James Jones is the 22nd coach of Yale men’s basketball and is in his 12th year at the helm of the team. In that time, he has compiled a 149–175 overall record and a 83–71 record in Ivy League conference play. In 2001-’02, Jones led the Bulldogs to their first Ivy League title since 1962-’63 and led Yale to the second round of the National Invitational Tournament. This season, Jones has coached the team to a 7–7 record that includes a 75–67 win at Boston College. Jones talked to the News about Saturday’s start to the Ivy League season at Brown and the advantages of not having one specific “go-to” scorer.
Q Your team is halfway done. You’re halfway to the finish line. How does it feel?
A Well I hope that we’re not halfway done. I hope that there will be more playing out there than the next 14 games that we have. I like a lot of the things that we’ve done so far. I felt that some games have gotten away from us, and we could have been a little bit more successful in them. But hopefully, we learn from those, and they won’t happen over the next fourteen and that we win those that we should win.
Q You hit a rough patch during the break and lost three straight to Sacred Heart, Stanford and Lehigh. Why was that and what do you think your team learned from those losses?
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A Well, they’re three different games so there wasn’t one reason why we lost all three. There were probably several reasons why we lost all three. I think what we learned from the games was just an understanding of having to play our best in every game. I think that’s going to be something that is very important. Our post play wasn’t great in those games. Greg Mangano ’12 struggled a little bit, and we’re not going to be very good if he’s going struggle. We have to make sure that he’s able to play to his capacity and the level that he should be playing at, and the other players on the team have to complement him. But certainly he’s a big part of what we do.
Q Greg Mangano ’12, Reggie Willhite ’12, Austin Morgan ’13, Porter Braswell ’11 … It seems like all of the guys can be the MVP of your team on any given night. What does that flexibility bring to you?
A It just makes us hard to guard. When you have several guys who can lead you in scoring, it makes it difficult for the opposing team to shut anybody down. From that standpoint, it’s good. We have somebody stepping up every game which is important for us. Greg doesn’t have to lead us in scoring. His post play is very important to us, but that doesn’t mean that he has to lead us in scoring. He just has to make good decisions when he gets the ball because he’s the focal point of our offense.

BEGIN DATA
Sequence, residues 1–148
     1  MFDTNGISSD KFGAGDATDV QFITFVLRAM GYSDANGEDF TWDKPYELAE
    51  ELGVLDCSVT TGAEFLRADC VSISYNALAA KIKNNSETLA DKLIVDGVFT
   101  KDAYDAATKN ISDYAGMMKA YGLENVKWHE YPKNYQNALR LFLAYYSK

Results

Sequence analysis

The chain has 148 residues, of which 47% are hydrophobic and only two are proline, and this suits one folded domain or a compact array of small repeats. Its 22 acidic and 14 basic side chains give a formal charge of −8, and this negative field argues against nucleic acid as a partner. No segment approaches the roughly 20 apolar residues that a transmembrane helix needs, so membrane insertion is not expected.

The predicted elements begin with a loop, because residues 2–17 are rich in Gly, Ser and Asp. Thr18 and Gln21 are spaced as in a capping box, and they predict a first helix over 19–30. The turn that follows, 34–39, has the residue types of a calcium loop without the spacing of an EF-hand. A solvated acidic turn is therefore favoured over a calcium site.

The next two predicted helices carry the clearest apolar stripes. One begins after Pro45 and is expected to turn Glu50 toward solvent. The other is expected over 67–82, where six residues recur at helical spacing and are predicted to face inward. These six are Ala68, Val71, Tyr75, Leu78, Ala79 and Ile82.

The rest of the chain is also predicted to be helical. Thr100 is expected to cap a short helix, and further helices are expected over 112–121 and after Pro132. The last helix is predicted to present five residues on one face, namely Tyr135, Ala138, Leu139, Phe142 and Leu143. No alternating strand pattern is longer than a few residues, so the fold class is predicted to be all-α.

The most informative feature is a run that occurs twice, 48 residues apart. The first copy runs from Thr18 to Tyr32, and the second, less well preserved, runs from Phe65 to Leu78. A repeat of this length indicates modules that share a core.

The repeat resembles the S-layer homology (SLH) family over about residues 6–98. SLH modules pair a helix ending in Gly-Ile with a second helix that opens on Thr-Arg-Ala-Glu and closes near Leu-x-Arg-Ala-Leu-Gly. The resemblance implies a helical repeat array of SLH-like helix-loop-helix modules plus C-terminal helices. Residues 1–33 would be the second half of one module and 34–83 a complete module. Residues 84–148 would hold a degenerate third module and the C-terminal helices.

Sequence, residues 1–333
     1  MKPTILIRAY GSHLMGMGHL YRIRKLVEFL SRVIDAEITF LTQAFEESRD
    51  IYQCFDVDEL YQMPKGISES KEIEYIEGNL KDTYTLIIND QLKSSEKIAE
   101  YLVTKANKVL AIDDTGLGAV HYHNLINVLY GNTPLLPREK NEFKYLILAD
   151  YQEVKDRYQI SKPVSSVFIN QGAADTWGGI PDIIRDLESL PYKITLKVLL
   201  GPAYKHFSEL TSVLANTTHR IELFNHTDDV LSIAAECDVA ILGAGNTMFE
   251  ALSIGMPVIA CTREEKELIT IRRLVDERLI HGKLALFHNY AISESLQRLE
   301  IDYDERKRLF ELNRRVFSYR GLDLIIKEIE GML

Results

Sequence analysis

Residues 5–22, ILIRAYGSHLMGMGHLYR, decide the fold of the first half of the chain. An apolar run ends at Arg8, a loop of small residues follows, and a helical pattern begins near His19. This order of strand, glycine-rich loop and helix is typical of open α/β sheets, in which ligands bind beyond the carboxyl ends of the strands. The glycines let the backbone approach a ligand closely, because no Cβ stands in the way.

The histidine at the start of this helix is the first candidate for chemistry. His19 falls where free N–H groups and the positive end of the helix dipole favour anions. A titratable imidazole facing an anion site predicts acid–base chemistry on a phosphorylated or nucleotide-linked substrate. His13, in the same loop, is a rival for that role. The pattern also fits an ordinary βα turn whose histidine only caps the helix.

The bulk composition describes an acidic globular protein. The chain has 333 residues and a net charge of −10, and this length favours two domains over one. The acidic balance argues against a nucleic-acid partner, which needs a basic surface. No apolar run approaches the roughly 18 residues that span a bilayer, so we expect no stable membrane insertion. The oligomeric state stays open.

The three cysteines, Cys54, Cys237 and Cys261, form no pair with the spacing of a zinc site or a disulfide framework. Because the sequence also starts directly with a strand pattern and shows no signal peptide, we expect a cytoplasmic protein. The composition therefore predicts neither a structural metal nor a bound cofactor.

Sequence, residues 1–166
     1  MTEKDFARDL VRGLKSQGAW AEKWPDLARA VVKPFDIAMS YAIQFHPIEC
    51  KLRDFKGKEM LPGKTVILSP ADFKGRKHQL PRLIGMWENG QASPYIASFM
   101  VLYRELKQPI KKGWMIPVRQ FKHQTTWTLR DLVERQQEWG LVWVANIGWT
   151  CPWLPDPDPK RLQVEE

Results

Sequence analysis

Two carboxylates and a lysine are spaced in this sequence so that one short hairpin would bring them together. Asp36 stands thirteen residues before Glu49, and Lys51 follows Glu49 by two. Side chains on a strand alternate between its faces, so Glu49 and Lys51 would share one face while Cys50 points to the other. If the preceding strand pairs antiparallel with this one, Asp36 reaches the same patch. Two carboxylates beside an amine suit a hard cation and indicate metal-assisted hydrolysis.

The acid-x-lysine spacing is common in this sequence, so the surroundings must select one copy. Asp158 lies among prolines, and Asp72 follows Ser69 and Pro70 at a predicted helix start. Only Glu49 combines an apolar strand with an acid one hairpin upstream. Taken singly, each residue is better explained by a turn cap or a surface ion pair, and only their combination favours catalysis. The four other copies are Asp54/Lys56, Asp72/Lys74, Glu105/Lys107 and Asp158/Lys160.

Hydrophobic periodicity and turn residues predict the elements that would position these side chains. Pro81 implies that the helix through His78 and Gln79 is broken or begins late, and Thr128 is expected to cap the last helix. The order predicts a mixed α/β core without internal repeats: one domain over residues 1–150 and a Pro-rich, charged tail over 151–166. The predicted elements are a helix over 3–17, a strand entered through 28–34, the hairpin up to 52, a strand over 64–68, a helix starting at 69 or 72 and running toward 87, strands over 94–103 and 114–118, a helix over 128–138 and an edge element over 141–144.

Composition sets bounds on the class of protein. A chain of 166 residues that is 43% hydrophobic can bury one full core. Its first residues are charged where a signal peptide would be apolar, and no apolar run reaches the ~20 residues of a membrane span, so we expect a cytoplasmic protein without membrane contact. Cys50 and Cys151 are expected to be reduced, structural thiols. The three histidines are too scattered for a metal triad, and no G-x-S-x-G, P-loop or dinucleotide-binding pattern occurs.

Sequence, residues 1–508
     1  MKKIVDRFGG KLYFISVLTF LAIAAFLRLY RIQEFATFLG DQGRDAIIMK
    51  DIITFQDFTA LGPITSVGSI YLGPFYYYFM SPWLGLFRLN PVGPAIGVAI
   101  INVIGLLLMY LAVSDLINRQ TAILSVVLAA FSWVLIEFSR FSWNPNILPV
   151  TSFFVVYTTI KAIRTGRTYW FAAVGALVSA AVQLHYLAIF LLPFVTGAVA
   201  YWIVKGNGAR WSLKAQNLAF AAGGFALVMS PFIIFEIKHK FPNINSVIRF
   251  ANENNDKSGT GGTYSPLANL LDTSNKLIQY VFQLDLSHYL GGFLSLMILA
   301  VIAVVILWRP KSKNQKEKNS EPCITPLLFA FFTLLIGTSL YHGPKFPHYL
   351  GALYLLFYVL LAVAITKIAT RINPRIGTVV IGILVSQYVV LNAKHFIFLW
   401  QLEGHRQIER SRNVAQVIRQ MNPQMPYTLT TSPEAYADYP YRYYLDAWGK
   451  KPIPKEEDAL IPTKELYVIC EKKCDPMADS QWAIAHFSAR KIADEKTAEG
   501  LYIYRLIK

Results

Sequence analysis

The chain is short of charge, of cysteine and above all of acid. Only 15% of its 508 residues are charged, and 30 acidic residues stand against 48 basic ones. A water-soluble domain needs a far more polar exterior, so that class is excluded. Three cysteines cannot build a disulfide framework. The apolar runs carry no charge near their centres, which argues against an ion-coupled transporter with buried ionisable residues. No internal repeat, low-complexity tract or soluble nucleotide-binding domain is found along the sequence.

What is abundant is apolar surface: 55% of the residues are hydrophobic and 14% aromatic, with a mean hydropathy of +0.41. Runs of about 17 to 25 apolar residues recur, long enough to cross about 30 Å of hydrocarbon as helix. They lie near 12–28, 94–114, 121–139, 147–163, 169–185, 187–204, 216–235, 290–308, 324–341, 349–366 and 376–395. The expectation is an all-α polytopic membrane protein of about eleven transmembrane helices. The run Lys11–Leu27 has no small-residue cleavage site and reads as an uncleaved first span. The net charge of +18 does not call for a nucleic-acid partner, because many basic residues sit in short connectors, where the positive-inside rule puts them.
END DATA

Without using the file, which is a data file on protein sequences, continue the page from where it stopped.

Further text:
Q Your team lost its captain, Michael Sands ’11, before the season. Who has stepped up to fill that leadership void?
A Everybody has jumped in from the seniors to the freshmen to add a little bit more leadership, and that’s been really helpful because I think that guys saw the opportunity and the necessity for us to be better at our leadership, and the guys have responded really well.
Q Several of your players have talked about how close-knit this year’s team is on and off the court. How does that translate during practice and during the game?
A I just think that when you have a group of guys who enjoy being around each other and genuinely enjoy being around each other, it’s easier to play for each other. I think that makes it great when you’re playing for the guy next to you in the locker room, the guy next to you on the bench, the guy next to you in the game. When that matters to you, that helps you to be successful.
Q Before the season, your team was picked to finish fifth in the Ivy League. Where do you think your team can finish and what will it take to make a run at the Ivy League title?
A Well, we can almost finish anywhere, I think. A lot of it is going to be up to us and how consistently we play. As for where we’re going to finish, that’s kind of hard to say. We’ll get a good look this weekend and see how we play against Brown, and then we’ll ratchet up and do it again next weekend. I think that we have as good a shot as any to win it. We may not be as talented as some other teams in the league, but on any given day, I think we can beat anybody. But on any given day, other teams can beat us too. Playing consistently and playing together is going to be really important.
Q The conference season starts this weekend against Brown. What are your thoughts about Brown?
A They’ve played some teams pretty well. They had a good win up against Maine. They beat Fordham to start the year. They certainly have the capability of playing at a high level. We’re going to be on the road at the start so we’re certainly going to have to try to exceed their intensity especially on their home court. They’re a good basketball team and coach Agel does a great job at coaching, and we’re going to have to play well to win it.
Q On a personal note, you’re in the midst of your 12th season as the head coach of Yale men’s basketball. What have you thought of your tenure to this point and what are your goals for the future?
A I don’t think much about stuff like that. I think about what I’m doing right now with this team. After I leave here, I guess that I can think about my tenure, but when you’re in it, it’s kind of hard to think about what you’ve done. In terms of what my goals are, our goal every year is to try to win a championship. We’ve done that and we’ve tried to every year. We’ve had a nice run in the sense that we’ve been in the top half of the league for the last eleven seasons in a row. We just need to continue to try to get a little better every year to push forward and be one of the best two teams every year.